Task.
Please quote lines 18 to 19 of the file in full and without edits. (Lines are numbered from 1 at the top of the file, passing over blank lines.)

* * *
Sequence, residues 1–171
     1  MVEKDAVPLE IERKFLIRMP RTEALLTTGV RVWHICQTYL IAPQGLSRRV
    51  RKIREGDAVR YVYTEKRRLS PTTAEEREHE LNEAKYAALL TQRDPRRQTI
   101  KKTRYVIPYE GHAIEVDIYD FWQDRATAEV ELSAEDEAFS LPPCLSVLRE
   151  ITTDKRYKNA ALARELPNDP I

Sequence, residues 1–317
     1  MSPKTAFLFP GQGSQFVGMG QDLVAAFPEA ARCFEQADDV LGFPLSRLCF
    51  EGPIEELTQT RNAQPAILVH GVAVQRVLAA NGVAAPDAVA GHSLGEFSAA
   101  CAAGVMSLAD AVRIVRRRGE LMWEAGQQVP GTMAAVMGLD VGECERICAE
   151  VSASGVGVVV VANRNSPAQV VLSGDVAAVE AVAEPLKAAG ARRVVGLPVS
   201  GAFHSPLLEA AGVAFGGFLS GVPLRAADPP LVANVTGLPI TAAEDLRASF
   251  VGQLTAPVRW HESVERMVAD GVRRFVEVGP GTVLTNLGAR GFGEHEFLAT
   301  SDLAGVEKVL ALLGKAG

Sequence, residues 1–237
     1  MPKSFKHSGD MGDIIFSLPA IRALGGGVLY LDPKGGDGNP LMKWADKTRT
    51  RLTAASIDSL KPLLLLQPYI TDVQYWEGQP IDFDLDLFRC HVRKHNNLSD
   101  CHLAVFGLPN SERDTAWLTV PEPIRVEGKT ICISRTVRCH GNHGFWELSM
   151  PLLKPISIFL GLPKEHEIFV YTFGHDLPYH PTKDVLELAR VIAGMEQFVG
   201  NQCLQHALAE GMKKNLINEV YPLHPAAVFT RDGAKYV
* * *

   151  PLLKPISIFL GLPKEHEIFV YTFGHDLPYH PTKDVLELAR VIAGMEQFVG
   201  NQCLQHALAE GMKKNLINEV YPLHPAAVFT RDGAKYV